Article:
Although in the early-modern period The Hague was not officially a city, its identity was based on specifically urban features. During the 17th and 18th century, its ambiguous status was explored by the authors of verse urban encomia and prose descriptiones urbium. In this article, the presentation of The Hague will be first discussed on the example of Caspar Barlaeus’ Latin poem “Haga”, and Constantijn Huygens’ Dutch encomium “’s Gravenhage” from the Dorpen [Villages] cycle of epigrams. Then, the image of The Hague will be examined in the context of an allegorical representation by Jan Caspar Philips in Jacob de Riemer’s Beschryving van ‘s Graven-hage [Description of The Hague, 1730]. The concluding remarks address the question of how the transformation of the status of The Hague undertaken by these writers and artists may be understood in the context of the literary-historical geography of the Northern Renaissance which has been a special subject of research by Professor Andrzej Borowski.
In 2011 a discovery was made at the Department of Prints and Drawings of the National Museum in Warsaw - a drawing hitherto described as a Kneeling knight by an anonymous seventeenth-century artist, turned out to be Joan of Arc, a sketch well-known to art historians studying the oeuvre of Peter Paul Rubens, although thought to be lost during the Second World War. The drawing, until now known only through the black and white photograph, could be thoroughly analysed for the first time. In the context of information thus obtained, the historical context of creating the sketch transpired as an equally important matter, including the hypothetical role that may have been played in its creation by Nicolas-Claude Fabri de Peiresc.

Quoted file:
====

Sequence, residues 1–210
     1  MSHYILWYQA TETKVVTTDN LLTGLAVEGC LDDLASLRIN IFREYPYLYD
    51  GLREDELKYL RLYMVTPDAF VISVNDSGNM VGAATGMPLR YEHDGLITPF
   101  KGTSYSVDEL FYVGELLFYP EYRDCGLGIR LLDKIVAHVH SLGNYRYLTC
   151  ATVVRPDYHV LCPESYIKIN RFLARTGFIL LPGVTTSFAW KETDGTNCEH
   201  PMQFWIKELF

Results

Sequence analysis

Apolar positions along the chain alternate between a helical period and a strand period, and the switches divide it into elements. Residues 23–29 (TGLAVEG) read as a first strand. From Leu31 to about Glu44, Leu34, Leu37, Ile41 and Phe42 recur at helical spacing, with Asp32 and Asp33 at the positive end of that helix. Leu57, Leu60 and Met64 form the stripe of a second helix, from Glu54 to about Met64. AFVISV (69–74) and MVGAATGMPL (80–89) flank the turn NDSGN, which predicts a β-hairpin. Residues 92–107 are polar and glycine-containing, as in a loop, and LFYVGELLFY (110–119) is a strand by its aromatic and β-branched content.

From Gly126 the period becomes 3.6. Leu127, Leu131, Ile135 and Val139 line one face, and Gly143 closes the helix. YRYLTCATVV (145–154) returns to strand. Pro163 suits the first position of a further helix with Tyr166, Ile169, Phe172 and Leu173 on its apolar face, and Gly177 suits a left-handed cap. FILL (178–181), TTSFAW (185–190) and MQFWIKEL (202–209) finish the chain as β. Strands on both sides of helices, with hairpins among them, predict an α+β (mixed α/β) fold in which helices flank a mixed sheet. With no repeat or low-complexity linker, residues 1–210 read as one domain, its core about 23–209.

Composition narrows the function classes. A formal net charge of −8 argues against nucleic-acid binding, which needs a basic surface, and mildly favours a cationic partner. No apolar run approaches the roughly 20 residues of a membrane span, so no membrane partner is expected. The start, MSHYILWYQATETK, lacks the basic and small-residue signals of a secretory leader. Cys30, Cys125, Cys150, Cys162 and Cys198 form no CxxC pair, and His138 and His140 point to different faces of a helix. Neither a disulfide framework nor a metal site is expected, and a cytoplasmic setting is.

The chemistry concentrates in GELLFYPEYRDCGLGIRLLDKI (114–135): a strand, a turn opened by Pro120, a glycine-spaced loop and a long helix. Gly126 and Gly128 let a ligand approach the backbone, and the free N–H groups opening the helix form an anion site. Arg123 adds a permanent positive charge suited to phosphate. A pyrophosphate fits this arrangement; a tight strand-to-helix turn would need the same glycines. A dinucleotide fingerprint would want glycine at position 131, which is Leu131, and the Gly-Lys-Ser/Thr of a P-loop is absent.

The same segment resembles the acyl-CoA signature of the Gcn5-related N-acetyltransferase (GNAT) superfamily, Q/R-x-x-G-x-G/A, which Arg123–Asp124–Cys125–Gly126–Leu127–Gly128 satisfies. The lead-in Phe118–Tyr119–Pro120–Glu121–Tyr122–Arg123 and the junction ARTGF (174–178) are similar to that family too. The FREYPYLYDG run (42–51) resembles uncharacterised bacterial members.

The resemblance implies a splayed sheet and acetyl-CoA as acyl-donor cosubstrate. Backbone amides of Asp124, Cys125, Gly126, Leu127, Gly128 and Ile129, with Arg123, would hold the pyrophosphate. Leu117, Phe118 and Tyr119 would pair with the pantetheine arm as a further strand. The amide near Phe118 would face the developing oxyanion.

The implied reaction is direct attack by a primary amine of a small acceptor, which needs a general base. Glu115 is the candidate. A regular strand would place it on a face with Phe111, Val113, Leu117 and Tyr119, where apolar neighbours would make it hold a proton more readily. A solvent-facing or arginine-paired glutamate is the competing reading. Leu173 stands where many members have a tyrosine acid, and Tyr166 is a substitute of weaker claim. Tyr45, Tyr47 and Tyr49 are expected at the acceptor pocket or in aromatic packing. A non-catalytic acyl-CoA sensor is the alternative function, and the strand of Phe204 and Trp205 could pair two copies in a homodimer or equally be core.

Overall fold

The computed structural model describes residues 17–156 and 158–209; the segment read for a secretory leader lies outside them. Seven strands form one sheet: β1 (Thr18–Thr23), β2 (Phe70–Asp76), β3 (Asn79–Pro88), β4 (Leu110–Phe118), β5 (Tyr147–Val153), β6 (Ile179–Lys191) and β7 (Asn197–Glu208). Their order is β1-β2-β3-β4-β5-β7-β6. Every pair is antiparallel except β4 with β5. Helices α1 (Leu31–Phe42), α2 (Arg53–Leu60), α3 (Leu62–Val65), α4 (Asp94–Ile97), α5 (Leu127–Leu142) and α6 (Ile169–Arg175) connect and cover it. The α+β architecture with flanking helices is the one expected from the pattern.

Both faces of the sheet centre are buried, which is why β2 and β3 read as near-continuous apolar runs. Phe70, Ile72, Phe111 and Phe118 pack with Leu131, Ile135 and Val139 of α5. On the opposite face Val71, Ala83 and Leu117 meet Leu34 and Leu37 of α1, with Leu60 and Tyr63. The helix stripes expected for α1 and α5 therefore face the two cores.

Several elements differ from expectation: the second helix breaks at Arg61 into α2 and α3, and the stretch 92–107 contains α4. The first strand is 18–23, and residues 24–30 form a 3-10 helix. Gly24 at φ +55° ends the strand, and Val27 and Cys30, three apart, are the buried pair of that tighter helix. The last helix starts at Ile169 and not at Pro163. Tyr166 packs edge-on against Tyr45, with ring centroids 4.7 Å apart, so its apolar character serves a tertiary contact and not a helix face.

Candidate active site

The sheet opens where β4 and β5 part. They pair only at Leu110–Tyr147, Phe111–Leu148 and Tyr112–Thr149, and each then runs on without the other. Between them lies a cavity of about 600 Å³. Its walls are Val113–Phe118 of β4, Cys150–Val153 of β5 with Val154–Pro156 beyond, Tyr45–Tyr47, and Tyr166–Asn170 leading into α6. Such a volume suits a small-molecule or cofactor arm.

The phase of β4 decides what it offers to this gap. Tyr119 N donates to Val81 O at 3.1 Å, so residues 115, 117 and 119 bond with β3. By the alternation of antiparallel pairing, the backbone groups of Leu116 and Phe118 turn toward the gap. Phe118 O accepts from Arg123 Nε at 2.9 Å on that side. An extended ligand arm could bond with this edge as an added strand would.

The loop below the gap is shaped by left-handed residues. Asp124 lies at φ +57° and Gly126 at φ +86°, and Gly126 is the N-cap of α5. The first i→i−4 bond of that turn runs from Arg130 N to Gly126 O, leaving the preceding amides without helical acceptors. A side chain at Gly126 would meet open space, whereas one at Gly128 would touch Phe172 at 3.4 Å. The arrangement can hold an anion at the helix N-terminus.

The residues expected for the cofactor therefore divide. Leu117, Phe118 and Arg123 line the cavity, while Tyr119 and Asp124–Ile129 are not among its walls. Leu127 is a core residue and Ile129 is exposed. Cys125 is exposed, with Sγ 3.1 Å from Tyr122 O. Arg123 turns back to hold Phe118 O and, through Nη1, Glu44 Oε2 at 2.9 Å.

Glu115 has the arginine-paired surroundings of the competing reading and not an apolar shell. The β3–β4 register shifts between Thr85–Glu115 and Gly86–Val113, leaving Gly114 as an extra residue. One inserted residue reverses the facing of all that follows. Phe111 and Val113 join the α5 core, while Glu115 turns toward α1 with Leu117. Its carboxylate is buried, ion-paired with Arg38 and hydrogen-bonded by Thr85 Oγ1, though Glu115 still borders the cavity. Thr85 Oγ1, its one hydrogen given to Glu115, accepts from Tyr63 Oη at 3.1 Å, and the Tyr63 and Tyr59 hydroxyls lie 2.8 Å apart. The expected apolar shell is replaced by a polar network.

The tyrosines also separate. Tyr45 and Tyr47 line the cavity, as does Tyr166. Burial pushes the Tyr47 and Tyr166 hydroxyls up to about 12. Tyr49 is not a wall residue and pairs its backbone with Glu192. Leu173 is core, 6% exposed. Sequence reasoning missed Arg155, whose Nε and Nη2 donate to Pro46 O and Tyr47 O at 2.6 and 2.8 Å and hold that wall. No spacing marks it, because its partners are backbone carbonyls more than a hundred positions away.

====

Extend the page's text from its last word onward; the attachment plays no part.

The history of Dutch tiles started in the sixteenth century Antwerp in the workshops of the Italian potters who had settled in the city upon the Scheldt. Due to the political and social factors (i.e. huge wave of refugees during the Dutch Revolt), tile production was moved to the Northern Netherlands, where it was fully developed and the offer of the Republic’s tile works began to enjoy greatest fame and a huge commercial success all over Europe. The given article deals mostly with Dutch tiles representing the biblical scenes (bijbeltegels) and discusses their numerous contexts, such as confessional and social background, iconographical origin of their designs (engravings, illustrated Bibles, stencils), the taste and status of the potential buyers. Moreover, the artistic and cultural phenomenon of Dutch biblical tiles has been interpreted in terms of a much wider tradition, namely the ‘biblicisation’ of everyday life in the Dutch Republic and its interiors. Finally, the issue of Dutch tiles, being the symbols of the national cultural tradition, has been brought up.